Reg’s efforts imply that, in a superdifficult situation like COVID-2019, multiliteracy projects can help students learn effectively. Such projects do not necessarily follow the textbook contents. As discussed above, by engaging students in a fieldwork, they developed observation, reporting, communicative, speaking, and collaborative skills. Such activities promote students’ participation, motivation, and self-learning. By participating in such activities, learners gather historical information about different sites in their communities and develop questioning and research skills. As Reg describes “such activities have taught me a memorable lesson in my teaching profession that teaching and learning are not limited to textbooks and classroom; students can learn from their communities.”

Addressing the digital divide

Many schools do not have ICT infrastructures to run online classes. The teachers working in low-resource schools are not able to contact their students. The story of Rita (pseudonym) implies some key insights to address the digital divide and help students learn when the schools are closed. Rita begins her experience as follows:

My school has also tried to create virtual learning environment during Covid-19. For that, we contacted students through phone calls to confirm that whether they can learn through internet, T.V., or Radio. There were around 500 students in my school before the lockdown began. Among 500 students, 200 students came into our contact but the rest of them are still out of contact. The students were divided into 3 different groups based on their access to digital tools such as internet, T.V and Radio. Among 200 students only 82 of them were able to participate in online classes. We tried to begin the classes but we found that very few students could join the class. More than a half of the students were left behind. I thought this situation could create negativity in their mind […]. So, we could not run classes. Now, students read the textbooks at home and ask questions to their subject teachers via phone.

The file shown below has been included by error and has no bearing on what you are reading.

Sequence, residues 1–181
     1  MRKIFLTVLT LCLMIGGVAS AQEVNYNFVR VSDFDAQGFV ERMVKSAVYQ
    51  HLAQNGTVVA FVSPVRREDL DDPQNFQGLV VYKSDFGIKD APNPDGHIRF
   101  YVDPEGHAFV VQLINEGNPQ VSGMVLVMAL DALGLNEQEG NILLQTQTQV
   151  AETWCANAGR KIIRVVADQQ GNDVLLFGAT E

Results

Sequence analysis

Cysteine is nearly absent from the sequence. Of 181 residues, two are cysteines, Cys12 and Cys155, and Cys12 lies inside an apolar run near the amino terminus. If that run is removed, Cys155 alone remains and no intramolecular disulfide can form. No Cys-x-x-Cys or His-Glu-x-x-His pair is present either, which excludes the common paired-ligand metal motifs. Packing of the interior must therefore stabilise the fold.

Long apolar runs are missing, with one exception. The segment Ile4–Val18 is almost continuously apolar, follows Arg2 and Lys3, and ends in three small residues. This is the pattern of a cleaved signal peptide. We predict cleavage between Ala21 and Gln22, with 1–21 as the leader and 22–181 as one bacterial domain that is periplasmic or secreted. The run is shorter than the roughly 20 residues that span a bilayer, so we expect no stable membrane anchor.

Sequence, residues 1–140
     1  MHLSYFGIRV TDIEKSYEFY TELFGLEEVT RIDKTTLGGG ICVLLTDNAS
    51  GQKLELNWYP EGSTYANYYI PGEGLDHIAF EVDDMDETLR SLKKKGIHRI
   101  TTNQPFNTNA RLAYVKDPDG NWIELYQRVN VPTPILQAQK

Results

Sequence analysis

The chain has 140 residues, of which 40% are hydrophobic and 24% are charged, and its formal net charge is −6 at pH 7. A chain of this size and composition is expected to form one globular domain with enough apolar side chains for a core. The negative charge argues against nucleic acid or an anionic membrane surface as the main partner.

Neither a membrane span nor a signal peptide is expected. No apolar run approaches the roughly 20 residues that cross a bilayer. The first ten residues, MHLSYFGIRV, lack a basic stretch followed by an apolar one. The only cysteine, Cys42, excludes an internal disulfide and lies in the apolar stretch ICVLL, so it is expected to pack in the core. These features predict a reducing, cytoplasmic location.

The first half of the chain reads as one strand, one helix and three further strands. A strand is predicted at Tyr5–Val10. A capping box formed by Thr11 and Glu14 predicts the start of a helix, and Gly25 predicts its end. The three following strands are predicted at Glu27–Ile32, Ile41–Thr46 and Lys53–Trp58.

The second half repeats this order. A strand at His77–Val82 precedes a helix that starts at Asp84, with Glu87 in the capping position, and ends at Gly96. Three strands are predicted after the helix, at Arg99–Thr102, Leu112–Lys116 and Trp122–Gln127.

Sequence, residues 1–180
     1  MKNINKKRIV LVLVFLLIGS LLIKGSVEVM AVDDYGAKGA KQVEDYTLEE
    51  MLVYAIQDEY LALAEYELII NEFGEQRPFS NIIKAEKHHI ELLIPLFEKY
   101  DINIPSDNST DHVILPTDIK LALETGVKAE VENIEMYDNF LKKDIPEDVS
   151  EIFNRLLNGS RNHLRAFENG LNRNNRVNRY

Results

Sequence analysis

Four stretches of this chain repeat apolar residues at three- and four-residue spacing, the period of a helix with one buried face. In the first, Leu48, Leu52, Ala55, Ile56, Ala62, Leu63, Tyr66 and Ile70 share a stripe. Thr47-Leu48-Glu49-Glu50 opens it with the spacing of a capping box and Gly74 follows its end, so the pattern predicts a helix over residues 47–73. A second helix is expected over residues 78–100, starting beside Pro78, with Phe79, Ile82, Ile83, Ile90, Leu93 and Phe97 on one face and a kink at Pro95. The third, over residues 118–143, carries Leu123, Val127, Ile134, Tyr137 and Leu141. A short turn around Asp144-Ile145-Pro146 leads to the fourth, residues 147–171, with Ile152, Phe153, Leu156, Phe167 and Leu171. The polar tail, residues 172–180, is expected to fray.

Rita further tells that due to lack of ICT devices with parents, it is not possible to implement online mode of teaching. However, as mentioned above, mobile phones could be a helpful tool to help students learn. Rita suggests that:

I would like to suggest that we could ask students to do different things beyond textbooks. We can ask them to do activities they are interested in. They can use their local knowledge and build up life skills by doing the things around them. Rather than asking them to do textbook-based activities for the purpose of assessment, it is important to give activities that foster their creative and critical thinking skills. They may enjoy documenting what they learned at home and in the community. They can describe what they have seen during COVID-19.

Rita argues that digital divide is a serious issue in education. While the schools are exploring alternative approaches to learning, it is important to assess whether such approaches (mainly online teaching) could exacerbate unequal participation in learning activities and access to knowledge.


The stories of three teachers imply that teachers could play a critical role in addressing students’ learning challenges created by the superdifficult circumstance of COVID-19. As discussed in this blogpost, teachers have engaged themselves in a number of professional development activities to strengthen their ICT and creative pedagogical skills. This situation indicates that teachers have utilised this difficult time to upgrade their professional skills which they could use in post-COVID classes.


Dr Prem Phyak, an MEd in English from Tribhuvan University, MA in TESOL from University College London, and PhD in English from University of Hawaii, USA, is an Associate Professor of English at Tribhuvan University, Nepal.

Mr Bhim Sapkota, an MPhil student at Nepal Open University, is a Lecturer of English at Kathmandu Shiksha Campus and English teacher at Shree Bishnudevi Secondary School, Chandragiri, Kathmandu.

Mr Ramji Acharya, an MEd graduate, is a Programme Coordinator as well as English teacher at Regent Residential School, Lalitpur.

Ms Dil Kumari Shrestha, an MEd in English and MA in Political Science graduate, is a Lower Secondary English teacher.


Cite as: Phyak, P., Sapkota, B., Acharya, R., & Shrestha, D. K. (2020, July). Teacher agency in a superdifficult circumstance: Lessons from a low-resource context during COVID-19. https://eltchoutari.com/2020/07/teacher-agency-in-a-superdifficult-circumstance-lessons-from-a-low-resource-context-during-covid-19/